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J Virol. 2012 Apr;86(8):4158-68. doi: 10.1128/JVI.07141-11. Epub 2012 Feb 8.

Mucosal simian immunodeficiency virus transmission in African green monkeys: susceptibility to infection is proportional to target cell availability at mucosal sites.

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  • 1Division of Microbiology, Tulane National Primate Research Center, Covington, Louisiana, USA.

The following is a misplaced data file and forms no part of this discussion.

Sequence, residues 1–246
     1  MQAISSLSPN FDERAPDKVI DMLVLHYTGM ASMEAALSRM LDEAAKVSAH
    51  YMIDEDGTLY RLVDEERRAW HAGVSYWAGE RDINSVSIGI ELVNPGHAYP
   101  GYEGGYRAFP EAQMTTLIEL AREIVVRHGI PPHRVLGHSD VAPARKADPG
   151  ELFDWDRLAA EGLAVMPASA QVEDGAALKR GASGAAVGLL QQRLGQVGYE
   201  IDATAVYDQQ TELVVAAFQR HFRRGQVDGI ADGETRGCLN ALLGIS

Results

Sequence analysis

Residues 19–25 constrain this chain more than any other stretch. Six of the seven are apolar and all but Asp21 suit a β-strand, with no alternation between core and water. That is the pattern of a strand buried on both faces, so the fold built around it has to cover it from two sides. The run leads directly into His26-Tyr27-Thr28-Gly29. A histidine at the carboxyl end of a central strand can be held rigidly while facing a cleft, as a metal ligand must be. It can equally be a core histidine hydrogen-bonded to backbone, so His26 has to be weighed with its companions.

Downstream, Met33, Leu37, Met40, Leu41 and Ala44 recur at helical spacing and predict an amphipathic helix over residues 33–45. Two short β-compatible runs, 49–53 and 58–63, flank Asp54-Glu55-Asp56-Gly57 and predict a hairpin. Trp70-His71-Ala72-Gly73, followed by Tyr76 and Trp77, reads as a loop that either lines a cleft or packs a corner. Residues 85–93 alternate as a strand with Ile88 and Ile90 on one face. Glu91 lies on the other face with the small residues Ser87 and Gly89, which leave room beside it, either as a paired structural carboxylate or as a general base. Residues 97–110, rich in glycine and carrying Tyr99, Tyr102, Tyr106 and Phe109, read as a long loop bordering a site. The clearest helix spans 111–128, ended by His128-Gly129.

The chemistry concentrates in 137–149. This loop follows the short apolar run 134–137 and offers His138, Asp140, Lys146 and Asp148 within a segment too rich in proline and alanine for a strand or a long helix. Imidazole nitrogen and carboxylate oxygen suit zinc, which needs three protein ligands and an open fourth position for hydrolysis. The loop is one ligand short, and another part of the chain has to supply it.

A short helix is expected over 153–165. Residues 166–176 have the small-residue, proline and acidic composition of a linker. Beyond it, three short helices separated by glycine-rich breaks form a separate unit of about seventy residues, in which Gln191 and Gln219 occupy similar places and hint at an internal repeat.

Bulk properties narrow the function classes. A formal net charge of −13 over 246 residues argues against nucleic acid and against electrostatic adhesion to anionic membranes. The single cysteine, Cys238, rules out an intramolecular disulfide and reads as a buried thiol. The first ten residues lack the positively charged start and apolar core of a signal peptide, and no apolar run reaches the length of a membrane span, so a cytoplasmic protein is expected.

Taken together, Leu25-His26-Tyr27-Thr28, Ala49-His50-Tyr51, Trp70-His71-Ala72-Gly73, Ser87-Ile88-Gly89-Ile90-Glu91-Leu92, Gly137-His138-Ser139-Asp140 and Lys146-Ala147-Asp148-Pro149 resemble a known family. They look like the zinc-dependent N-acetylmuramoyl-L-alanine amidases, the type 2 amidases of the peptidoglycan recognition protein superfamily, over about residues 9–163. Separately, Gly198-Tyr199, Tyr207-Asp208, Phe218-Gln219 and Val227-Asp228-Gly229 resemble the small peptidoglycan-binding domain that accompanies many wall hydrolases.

African green monkeys (AGMs) are naturally infected with a simian immunodeficiency virus (SIVagm) that is nonpathogenic in its host. Although SIVagm is common and widespread, little is known about the mechanisms that govern its transmission. Since the earliest virus-host interactions may provide key insights into the nonpathogenic phenotype of SIVagm, we developed a mucosal transmission model for this virus. Using plasma from an acutely infected AGM as the virus inoculum, we exposed adult and juvenile AGMs, as well as pigtailed macaques (PTMs) as a nonnatural host control, by mucosal routes to increasing titers of virus and compared the doses needed to establish a productive infection. Four juvenile and four adult AGMs as well as two PTMs were intrarectally (IR) exposed, while two additional adult female AGMs were intravaginally (IVAG) exposed. No animal became infected following exposure to 10(5) RNA copies. Both PTMs but none of the AGMs became infected following exposure to 10(6) RNA copies. Finally, all adult AGMs and two of the four juvenile AGMs became infected following exposure to 10(7) RNA copies, acquiring either one (2 IR infected juveniles, 1 IR infected adult, 2 IVAG infected adults) or two (3 IR infected adults) transmitted founder viruses. These results were consistent with immunophenotypic data, which revealed a significant correlation between the percentage of CD4(+) T cells expressing CCR5 in the mucosa and the susceptibility to infection, in terms of both the viral dose and the numbers of transmitted founder viruses. Moreover, studies of uninfected AGMs showed that the fraction of CCR5-expressing CD4(+) T cells increased significantly with age. These results indicate that (i) AGMs are readily infected with SIVagm by both intrarectal and intravaginal routes, (ii) susceptibility to infection is proportional to the number of available CCR5(+) CD4(+) target cells in the mucosa, and (iii) the paucity of CCR5(+) CD4(+) target cells in infant and juvenile AGMs may explain the near absence of vertical transmission.

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